Mining suspense delays Hills’ expansion

Adelaide Hills expansion halted by mine delays

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ICCG MEMBERS: Jim Franklin-McEvoy, Malcolm Parkert, Malcolm Scroop, Donald Parker, Ann Franklin-McEvoy and Janet Harrison.

ICCG MEMBERS: Jim Franklin-McEvoy, Malcolm Parkert, Malcolm Scroop, Donald Parker, Ann Franklin-McEvoy and Janet Harrison.

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THE Inverbrackie Creek Catchment Group is concerned that plans by Terramin Australia to potentially expand its exploration could result in a water shortage.

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THE Inverbrackie Creek Catchment Group is concerned that plans by Terramin Australia to potentially expand its exploration could result in a water shortage.

Group chairman Jim Franklin-McEvoy said all aquifer water was allocated before mining exploration began, raising the question as to where water for the mining industry would be found. Most people in the region are reliant on bores for domestic use, as well as on-farm use, and need that water to remain of good quality.

Terramine, the owner of the Bird in Hand goldmine at Woodside, recently announced a new direction for expanding gold exploration on many of its historic tenements in SA’s regions, across 12,000 square kilometres.

Strawberry grower Malcolm Parker, AF Parkers & Sons, Uraidla, has a property within one kilometre of the Woodside mine and is worried about the long-term impacts on his business and that of his neighbours.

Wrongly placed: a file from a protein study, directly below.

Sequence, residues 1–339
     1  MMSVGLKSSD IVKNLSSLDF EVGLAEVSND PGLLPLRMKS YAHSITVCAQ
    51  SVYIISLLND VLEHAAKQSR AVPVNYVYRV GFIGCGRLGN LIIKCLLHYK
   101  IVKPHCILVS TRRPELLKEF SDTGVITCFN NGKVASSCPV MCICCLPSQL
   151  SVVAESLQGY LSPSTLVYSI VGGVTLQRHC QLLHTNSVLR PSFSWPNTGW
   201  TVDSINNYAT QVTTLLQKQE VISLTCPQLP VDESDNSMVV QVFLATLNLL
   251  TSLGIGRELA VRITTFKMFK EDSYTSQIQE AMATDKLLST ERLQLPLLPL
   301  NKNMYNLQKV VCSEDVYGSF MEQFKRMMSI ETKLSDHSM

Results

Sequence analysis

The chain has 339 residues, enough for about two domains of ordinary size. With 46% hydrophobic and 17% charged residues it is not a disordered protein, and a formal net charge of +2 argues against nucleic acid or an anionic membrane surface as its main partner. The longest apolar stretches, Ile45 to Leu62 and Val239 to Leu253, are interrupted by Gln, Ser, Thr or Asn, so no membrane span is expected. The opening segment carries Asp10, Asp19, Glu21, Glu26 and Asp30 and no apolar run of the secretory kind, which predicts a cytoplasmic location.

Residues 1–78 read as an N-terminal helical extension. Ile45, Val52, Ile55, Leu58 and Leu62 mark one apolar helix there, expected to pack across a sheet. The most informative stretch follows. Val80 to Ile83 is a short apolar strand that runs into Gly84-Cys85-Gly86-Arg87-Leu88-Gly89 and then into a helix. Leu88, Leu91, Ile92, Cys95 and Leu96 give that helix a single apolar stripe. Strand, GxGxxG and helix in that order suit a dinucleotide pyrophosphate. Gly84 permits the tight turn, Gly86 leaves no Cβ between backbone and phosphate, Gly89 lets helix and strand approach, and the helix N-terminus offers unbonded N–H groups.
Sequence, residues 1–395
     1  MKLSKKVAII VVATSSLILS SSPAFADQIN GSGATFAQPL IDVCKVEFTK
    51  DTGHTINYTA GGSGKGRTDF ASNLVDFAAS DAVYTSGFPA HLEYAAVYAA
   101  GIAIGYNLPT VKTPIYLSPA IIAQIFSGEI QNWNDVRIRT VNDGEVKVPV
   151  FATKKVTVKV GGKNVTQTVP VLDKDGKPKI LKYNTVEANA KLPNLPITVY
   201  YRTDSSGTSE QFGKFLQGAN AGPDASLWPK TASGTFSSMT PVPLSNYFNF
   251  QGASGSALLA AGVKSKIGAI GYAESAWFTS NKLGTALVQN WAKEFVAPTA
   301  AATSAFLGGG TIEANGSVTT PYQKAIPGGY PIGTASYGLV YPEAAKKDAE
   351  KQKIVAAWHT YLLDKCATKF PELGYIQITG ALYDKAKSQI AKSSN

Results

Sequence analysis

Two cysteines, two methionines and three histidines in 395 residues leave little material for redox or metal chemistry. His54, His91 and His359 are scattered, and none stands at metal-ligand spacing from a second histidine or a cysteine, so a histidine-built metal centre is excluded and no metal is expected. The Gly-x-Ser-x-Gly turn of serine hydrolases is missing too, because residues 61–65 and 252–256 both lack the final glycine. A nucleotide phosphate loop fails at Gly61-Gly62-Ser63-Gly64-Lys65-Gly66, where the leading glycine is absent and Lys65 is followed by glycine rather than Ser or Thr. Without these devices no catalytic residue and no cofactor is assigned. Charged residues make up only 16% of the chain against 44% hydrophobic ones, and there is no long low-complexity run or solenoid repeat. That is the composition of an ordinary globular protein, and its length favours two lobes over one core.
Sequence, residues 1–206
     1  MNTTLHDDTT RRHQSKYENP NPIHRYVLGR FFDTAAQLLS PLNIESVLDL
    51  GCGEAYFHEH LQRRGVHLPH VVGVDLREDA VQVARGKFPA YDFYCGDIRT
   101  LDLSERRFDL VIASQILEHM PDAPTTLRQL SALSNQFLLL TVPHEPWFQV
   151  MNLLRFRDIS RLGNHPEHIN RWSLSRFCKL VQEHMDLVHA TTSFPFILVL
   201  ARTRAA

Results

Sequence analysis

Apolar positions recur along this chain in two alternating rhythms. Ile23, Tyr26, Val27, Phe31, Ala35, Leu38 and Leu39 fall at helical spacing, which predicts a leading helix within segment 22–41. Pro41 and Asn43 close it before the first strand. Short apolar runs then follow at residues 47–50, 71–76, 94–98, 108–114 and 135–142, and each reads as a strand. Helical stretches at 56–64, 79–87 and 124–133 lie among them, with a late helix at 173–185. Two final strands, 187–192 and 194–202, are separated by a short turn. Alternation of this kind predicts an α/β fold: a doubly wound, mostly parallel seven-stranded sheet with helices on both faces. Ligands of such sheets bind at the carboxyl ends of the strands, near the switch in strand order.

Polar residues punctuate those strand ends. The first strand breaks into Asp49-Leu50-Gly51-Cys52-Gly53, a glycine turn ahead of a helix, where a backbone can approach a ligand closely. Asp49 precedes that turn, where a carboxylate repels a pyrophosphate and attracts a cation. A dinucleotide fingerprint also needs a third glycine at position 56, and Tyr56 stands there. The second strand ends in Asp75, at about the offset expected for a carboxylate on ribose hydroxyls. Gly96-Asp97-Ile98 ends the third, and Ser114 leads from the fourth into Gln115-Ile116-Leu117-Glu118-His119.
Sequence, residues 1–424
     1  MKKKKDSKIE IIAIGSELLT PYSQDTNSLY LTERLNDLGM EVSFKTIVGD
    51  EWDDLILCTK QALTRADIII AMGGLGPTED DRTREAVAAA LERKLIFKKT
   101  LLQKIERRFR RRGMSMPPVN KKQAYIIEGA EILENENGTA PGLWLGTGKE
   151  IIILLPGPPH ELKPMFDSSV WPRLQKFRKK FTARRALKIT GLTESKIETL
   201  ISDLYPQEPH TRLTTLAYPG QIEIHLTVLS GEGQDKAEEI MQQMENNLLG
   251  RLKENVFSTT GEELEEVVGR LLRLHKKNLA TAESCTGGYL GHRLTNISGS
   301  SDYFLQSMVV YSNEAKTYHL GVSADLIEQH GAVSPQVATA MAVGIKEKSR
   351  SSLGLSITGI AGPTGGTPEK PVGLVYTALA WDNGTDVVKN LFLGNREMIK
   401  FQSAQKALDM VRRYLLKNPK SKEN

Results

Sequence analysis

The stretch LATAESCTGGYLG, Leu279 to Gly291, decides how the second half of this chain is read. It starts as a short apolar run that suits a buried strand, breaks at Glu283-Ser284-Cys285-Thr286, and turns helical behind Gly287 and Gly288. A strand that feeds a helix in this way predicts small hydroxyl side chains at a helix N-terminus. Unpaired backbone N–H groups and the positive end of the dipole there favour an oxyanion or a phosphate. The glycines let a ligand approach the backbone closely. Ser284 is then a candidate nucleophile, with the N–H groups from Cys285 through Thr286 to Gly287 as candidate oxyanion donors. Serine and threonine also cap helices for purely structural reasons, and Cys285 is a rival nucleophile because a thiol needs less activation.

“We can live without the gold but we can’t live without the water,” he said.

The ICCG commissioned a study in 2017 that showed the value of agriculture and tourism within the catchment to the state’s economy was nearly $150 million, and nearly 800 full-time equivalent jobs with this expected to reach $170m and 885 jobs by 2021.

Mr Franklin-McEvoy said all that could be put at risk by the mine.

He also believes the uncertainty about future mine developments is holding the region back.

“The mining exploration can be a long, drawn-out process, that can be dragged out for five or 10 years,” he said.

“There are a number of cellar doors wanting to expand or other farm enterprises wanting to invest in infrastructure, but they’re a bit reluctant because they don’t know what will happen with the mine.”

Terramin chief executive officer Richard Taylor said the company would work in with the local community.

“We know the Hills is a beautiful area, with a range of activities, and we believe that re-opening the Bird in Hand Mine as a smart, almost boutique underground mine can be done in a way that integrates into the region and fits into the landscape,” he said. 

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